Hope kept her going: Halima Ibrahim

EAST GREENWICH – The journey to becoming accomplished in any field is not an easy one. Halima Ibrahim knows that better than most. 

Ibrahim is Rhode Island’s Junior Poet Laureate. Her road to that honor went mostly through her bedroom, which she was confined to for five months due to a condition called chronic inflammatory demyelinating polyradiculoneuropathy, or CIDP.

CIDP is an autoimmune disease that causes the body to attack its own tissues. The illness took over Ibrahim’s life in 2017, forcing her to drop out of East Greenwich High School in her freshman year. She couldn’t move her legs, experienced extreme fatigue, and suffered from seizures.

Bedridden, she started writing poetry to pass the time and never stopped.

“Poetry really became my salvation,” said Ibrahim, now a second year student at the Community College of Rhode Island in Warwick.

Life started improving for the 18-year-old poet about three years ago. She first shared her poetry publicly at a March For Our Lives protest at the State House in 2018. The event led to a TEDx Talk at the Veterans Memorial Auditorium in Providence later that year.

Still, it wasn’t easy for Ibrahim to go public with her poetry. In the talk, she told the audience that she likely would be too tired  to walk the next day due to her condition, despite some progress with the illness.

“The entire experience was kind of nerve wracking,” Ibrahim said. “I never really thought that I was ever going to do it.”

It turns out she was able to walk the next day, despite heavy fatigue.

While she still has to take medicine weekly to keep her immune system from attacking her nervous system, Ibrahim has recovered a great deal from the days when she couldn’t even move her legs.

“My neurologist says that I’m the fastest recovery that he’s ever seen, which is great for me,” Ibrahim said.

Ibrahim found out that she was named Junior Poet Laureate last January. She said that receiving the position was an affirmation of her as a poet, and it meant a lot to her.

Tina Cane, the Poet Laureate of Rhode Island, calls Ibrahim tenacious and hardworking, and says that her potential is limitless.

“I was very impressed with her self-possession and her ability to self-advocate and advocate for what she believes in,” Cane said. “She has a lot of potential to advocate for poetry.”

Ibrahim’s topics in her poems have broadened during college. In high school, she focused on national issues, such as gun control and racism. Now, while she still writes about those, she’s also writing about issues at her school — a fitting pivot since she is CCRI’s student government president.

“I basically switched from doing stuff statewide to doing stuff college- and community-wide, which has been much more manageable,” she said.

Her achievements have been noticed nationally. She is a semifinalist for the Jack Kent Cooke Foundation Undergraduate Transfer Scholarship — the only Rhode Islander to qualify for the prestigious award.

If she wins, she will receive a college scholarship of up to $40,000 annually for three years, something that will certainly help as she explores transfer options to other colleges and universities. At this point, she’s looking at the School of the Art Institute of Chicago, Harvard University, Stanford University and other colleges throughout the country.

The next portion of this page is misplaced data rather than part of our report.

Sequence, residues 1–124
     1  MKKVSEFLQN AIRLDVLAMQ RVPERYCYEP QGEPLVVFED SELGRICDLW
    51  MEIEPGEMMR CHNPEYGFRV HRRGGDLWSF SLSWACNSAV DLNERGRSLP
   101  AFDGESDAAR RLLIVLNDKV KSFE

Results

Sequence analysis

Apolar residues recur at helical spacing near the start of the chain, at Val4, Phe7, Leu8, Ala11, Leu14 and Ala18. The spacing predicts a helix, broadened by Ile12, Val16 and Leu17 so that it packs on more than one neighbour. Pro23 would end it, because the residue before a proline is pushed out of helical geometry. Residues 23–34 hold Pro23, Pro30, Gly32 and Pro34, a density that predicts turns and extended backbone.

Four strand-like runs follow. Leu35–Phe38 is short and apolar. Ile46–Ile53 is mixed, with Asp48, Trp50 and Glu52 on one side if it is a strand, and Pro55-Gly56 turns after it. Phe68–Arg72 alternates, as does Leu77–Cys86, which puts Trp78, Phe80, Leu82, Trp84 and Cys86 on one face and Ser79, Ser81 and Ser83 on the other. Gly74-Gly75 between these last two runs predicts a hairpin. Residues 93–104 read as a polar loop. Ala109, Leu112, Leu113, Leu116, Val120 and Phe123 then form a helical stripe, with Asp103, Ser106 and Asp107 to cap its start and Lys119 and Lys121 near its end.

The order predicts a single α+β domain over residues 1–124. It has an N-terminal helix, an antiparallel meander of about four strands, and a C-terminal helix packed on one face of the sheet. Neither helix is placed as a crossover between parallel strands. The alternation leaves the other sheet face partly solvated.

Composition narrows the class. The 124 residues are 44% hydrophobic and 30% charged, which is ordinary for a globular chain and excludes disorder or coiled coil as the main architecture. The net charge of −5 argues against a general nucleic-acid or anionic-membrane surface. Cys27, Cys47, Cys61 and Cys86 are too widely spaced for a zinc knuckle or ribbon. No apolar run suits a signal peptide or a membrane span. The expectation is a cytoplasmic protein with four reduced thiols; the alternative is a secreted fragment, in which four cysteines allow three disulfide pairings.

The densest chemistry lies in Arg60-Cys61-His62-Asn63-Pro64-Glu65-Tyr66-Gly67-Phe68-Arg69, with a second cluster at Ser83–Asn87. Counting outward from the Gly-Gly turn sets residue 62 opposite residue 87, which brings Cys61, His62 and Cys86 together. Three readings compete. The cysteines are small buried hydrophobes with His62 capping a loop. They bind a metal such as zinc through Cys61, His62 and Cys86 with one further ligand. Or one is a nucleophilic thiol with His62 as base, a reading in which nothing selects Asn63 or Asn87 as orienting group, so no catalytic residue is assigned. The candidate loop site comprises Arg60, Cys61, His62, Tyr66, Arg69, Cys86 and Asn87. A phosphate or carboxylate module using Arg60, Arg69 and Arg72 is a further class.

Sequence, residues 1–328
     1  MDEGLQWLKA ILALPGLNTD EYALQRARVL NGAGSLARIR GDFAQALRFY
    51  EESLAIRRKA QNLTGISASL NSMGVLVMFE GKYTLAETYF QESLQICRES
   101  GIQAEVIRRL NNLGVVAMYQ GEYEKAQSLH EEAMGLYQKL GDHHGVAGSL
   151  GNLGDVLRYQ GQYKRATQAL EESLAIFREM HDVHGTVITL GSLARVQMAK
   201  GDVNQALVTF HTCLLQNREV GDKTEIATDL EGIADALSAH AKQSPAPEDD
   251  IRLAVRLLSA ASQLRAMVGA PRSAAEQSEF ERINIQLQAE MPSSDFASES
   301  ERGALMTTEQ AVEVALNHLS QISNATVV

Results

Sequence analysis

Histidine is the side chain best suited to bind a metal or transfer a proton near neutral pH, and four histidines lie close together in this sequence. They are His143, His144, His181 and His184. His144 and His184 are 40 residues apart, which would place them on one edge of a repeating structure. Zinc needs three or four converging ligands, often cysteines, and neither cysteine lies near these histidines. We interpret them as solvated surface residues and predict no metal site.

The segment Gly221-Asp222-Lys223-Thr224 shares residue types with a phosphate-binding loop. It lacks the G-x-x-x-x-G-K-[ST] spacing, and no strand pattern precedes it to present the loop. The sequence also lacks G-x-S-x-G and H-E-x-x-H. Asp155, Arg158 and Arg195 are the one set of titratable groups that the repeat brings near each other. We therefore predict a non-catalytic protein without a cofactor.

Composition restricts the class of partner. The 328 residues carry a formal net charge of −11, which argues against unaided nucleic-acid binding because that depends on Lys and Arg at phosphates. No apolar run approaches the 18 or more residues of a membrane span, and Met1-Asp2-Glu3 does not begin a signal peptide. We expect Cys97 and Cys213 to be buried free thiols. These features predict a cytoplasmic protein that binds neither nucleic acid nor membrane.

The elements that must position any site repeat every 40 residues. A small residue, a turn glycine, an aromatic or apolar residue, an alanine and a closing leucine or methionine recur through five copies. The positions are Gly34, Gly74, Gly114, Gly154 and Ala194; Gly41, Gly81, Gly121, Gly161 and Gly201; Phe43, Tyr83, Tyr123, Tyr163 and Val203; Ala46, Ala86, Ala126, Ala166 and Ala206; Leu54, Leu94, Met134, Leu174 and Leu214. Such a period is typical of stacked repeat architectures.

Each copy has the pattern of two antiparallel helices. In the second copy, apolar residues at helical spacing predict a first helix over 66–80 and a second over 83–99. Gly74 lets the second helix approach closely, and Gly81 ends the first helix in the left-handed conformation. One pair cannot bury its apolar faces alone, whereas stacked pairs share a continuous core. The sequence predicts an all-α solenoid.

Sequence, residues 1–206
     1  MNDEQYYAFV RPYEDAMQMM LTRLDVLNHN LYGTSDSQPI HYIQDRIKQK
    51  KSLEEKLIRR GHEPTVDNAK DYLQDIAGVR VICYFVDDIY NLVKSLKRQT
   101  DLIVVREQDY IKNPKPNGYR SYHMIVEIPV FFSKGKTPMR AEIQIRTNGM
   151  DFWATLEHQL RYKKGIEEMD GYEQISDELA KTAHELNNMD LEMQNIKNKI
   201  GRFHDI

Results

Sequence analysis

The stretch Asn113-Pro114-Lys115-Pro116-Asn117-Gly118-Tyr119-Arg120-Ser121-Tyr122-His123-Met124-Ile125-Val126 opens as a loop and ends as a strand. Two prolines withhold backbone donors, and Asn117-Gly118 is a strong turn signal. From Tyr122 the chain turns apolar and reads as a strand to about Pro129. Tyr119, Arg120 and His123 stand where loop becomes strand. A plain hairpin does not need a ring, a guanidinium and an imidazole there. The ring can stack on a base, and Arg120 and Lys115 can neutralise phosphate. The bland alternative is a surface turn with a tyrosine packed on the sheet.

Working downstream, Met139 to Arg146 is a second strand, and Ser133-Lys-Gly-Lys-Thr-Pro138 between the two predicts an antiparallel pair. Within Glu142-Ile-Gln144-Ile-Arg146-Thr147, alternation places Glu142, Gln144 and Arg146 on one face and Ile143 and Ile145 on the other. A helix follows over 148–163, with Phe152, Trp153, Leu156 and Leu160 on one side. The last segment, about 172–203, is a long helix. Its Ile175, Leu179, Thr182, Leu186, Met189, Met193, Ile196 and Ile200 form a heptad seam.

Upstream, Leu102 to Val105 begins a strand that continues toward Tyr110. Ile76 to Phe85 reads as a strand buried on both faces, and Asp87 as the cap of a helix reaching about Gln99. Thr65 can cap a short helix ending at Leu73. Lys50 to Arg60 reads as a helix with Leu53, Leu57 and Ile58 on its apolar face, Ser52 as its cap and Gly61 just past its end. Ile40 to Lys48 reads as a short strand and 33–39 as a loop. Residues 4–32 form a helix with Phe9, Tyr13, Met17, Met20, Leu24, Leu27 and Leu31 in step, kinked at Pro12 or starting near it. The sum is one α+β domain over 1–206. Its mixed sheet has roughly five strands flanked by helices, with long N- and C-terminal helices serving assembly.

Ibrahim’s rise coincides with greater national interest in poetry following the performance of National Youth Poet Laureate Amanda Gorman at President Joseph Biden’s inauguration. Ibrahim said that Gorman’s performance was a moving moment for her and for young poets, particularly young poets of color.

“I was constantly hearing things like, ‘(Gorman’s reading) was the same energy you had at the State House in 2018,’ ” Ibrahim said. “It was reaffirming on both ends seeing Amanda up there as a woman of color and as someone with a speech impediment at such a grand occasion.”

Ibrahim describes herself as “mostly fluent” in Arabic, having lived in Egypt for two years as a child, although she said that she does struggle speaking the language. Her father is from Cairo, and her mother graduated from Pilgrim High School. They met when her mother was teaching English in Cairo during the late 1990s, and eventually moved to the United States.

As Ibrahim focuses more on Middle Eastern Studies at CCRI, she has begun improving her Arabic language skills and incorporating the language into her poetry.

Ibrahim started wearing a hijab last January. Around that time, she said people became more aggressive toward her, and she also experienced overt prejudice, which, as she noted, was no coincidence.

Prejudice has become a central theme of her poetry, particularly as the COVID-19 pandemic has forced many people, regardless of religion, to cover their faces.

“Not only was I covering my hair, but now we’re also having to cover our faces,” Ibrahim said. “There was this kind of level of uncomfortability people around me had, and associating me with how they perceived niqabis, or Muslim women who cover their face. It’s this increased Islamophobia that I didn’t realize was going to happen at the start of the pandemic.”

As she moves forward in college, she’s looking forward to setting new challenges and goals for herself. One thing is certain: she’ll continue writing her poetry, and look to inspire others as she does it.

“Being able to share poetry with other people gives me hope that I could offer inspiration up to other people as well,” Ibrahim said.

This story was done as freelance work for the Warwick Beacon during my sophomore year of college, and was published in one of their print editions in March of 2021.

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